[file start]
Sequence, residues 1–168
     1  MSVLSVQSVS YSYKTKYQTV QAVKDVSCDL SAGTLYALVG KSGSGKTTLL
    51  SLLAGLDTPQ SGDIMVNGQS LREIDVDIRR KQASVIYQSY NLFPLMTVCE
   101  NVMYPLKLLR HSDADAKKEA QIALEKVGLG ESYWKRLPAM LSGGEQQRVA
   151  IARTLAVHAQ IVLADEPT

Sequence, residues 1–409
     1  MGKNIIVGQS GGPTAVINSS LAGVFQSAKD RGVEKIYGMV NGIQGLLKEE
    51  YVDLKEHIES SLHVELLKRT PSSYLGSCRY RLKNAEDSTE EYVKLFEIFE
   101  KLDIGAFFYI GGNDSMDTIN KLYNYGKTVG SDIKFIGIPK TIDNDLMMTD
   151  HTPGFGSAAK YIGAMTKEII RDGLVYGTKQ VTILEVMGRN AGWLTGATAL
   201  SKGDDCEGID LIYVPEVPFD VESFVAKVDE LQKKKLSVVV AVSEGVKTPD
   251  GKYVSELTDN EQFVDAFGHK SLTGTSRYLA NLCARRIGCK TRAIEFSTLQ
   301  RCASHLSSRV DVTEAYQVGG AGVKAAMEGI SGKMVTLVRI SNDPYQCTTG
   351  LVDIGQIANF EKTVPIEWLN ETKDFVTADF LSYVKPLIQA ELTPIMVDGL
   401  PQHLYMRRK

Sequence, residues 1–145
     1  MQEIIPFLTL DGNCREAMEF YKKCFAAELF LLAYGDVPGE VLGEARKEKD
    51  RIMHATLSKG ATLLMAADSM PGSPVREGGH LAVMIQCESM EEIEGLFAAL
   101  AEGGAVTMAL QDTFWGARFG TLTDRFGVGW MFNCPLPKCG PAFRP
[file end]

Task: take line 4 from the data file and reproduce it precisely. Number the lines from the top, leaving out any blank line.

   101  NVMYPLKLLR HSDADAKKEA QIALEKVGLG ESYWKRLPAM LSGGEQQRVA